From the Publisher: "Those old cows knew trouble was coming before we did." So begins the story of Lily Casey Smith, Jeannette Walls's no nonsense, resourceful, and spectacularly compelling grandmother. By age six, Lily was helping her father break horses. At fifteen, she left home to teach in a frontier town -- riding five hundred miles on her pony, alone, to get to her job. She learned to drive a car ("I loved cars even more than I loved horses. They didn't need to be fed if they weren't working, and they didn't leave big piles of manure all over the place") and fly a plane. And, with her husband Jim, she ran a vast ranch in Arizona. She raised two children, one of whom is Jeannette's memorable mother, Rosemary Smith Walls, unforgettably portrayed in The Glass Castle.
Lily survived tornadoes, droughts, floods, the Great Depression, and the most heartbreaking personal tragedy. She bristled at prejudice of all kinds -- against women, Native Americans, and anyone else who didn't fit the mold. Rosemary Smith Walls always told Jeannette that she was like her grandmother, and in this true-life novel, Jeannette Walls channels that kindred spirit. Half Broke Horses is Laura Ingalls Wilder for adults, as riveting and dramatic as Isak Dinesen's Out of Africa or Beryl Markham's West with the Night.
My Take: I didn't want to start off this review by saying, it was no The Glass Castle, but there you go. I said it. It's done.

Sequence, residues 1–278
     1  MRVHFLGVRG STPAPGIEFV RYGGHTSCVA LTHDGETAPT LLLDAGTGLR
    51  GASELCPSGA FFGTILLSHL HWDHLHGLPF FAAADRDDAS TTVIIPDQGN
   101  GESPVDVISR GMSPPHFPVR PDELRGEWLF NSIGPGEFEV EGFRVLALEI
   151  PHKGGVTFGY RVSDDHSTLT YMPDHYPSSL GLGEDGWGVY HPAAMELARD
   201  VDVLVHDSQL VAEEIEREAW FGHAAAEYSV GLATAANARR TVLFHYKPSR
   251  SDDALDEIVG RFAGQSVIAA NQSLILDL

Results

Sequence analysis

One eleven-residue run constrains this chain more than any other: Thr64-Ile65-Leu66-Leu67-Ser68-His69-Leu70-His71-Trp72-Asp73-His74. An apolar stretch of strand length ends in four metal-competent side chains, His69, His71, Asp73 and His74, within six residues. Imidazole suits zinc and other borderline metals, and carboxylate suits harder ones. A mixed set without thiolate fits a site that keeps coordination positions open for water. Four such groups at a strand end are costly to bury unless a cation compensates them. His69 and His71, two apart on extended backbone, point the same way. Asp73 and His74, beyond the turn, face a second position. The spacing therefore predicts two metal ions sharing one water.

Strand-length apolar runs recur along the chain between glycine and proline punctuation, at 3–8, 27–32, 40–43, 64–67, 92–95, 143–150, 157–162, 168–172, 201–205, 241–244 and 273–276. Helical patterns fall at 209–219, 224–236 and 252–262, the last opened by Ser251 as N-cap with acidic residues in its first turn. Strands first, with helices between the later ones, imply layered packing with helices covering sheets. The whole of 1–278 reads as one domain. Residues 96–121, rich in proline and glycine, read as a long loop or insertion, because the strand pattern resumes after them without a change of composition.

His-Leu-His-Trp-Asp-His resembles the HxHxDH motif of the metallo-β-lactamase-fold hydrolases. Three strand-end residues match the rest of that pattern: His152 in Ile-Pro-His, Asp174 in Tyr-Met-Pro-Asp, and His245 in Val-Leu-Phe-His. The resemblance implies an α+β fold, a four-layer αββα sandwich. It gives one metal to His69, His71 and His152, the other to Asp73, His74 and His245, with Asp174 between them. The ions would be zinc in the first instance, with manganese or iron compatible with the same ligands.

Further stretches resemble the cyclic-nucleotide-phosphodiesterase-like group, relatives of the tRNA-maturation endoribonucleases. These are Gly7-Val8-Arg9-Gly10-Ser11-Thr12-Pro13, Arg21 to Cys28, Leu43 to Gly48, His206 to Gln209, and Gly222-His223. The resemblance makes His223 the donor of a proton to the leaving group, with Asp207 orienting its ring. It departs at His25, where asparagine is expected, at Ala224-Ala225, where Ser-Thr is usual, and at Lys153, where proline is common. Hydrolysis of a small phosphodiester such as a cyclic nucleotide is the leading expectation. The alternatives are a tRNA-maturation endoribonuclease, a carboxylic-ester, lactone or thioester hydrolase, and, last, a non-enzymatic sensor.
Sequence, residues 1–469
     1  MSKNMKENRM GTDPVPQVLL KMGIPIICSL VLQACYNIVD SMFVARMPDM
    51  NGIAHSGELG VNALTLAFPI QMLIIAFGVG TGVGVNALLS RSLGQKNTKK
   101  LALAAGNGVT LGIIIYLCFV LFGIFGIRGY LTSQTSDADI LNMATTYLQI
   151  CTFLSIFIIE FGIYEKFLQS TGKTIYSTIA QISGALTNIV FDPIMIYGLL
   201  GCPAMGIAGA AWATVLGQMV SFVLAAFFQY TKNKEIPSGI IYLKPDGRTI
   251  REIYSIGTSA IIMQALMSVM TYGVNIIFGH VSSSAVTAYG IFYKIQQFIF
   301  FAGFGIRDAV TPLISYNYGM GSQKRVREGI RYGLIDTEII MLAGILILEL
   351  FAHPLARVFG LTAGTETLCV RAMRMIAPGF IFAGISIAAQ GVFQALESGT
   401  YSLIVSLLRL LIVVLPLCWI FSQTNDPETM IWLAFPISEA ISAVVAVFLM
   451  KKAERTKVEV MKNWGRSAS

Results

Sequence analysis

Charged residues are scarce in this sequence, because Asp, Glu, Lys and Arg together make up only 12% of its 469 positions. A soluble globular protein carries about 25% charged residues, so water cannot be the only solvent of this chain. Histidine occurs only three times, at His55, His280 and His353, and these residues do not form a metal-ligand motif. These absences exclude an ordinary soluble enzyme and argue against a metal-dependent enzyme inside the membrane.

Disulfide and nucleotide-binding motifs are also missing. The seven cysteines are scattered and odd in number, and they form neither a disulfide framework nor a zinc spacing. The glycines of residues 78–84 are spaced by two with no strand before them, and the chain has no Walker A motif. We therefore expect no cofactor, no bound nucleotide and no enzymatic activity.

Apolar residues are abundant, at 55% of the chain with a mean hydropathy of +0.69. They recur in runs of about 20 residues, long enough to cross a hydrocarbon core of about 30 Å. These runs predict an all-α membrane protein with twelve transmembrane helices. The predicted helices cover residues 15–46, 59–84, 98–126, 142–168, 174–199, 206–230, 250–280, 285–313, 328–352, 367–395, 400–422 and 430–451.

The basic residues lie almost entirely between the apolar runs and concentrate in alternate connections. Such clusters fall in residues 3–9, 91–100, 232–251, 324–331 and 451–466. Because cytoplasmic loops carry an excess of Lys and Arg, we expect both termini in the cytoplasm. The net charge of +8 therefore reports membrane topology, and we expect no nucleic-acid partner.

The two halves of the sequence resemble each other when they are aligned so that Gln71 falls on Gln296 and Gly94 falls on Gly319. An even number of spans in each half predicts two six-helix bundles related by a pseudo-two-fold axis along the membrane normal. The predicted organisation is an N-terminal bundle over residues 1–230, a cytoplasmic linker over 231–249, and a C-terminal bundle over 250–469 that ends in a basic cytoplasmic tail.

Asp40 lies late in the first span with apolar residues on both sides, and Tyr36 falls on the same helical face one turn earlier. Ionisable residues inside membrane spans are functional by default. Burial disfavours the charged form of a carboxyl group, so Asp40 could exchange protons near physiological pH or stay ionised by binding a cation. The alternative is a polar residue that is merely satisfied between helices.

The Glass Castle was one of the books that convinced me that New York Times bestsellers aren't complete garbage. I read it on a whim, thinking I need some fluff to tide me over, and BAM!, I was won over by Walls' courage in sharing the story of her bizarre, totally dysfunctional and impoverished upbringing.
Half Broke Horses is the story of Walls' maternal grandmother. Lily Casey Smith defined the term "tough old broad" and her ability to turn her life around, despite incredible odds - tragedy in her family, a bad marriage, poverty - is inspiring. Half Broke Horses is ultimately a tale of early feminism.
While Lily's methods are often suspect, in the end one can only wonder if the ends didn't justify the means. Many of Lily's family and friends didn't survive the hardbitten journey she endured. That she makes it through is a triumph. Yet that her daughter, Rosemary, Walls' mother, goes on to live such a troubled life leaves room for doubt. Lily took no prisoners when making her choices, yet one must wonder if her daughter ultimately paid the price.
As you can see, Half Broke Horses is interesting in that it further fleshes out The Glass Castle but it doesn't make for much of a memoir. Walls' calls the book 'a true-life novel'. She culled from memory, research and from her mother's stories but ultimately had too many gaps and had to invent the rest.
The book is written in brief vignettes that give some insight but ultimately don't tie together well or dig deep enough. Walls' should have gone for broke - really filled in those gaps of knowledge instead of just stuffing paper into the cracks.
I wouldn't recommend this as a stand-alone but for fans of The Glass Castle, it's a needed tying of loose ends.
Half Broke Horses/ Jeannette Walls / Simon and Schuster / HC, 2009
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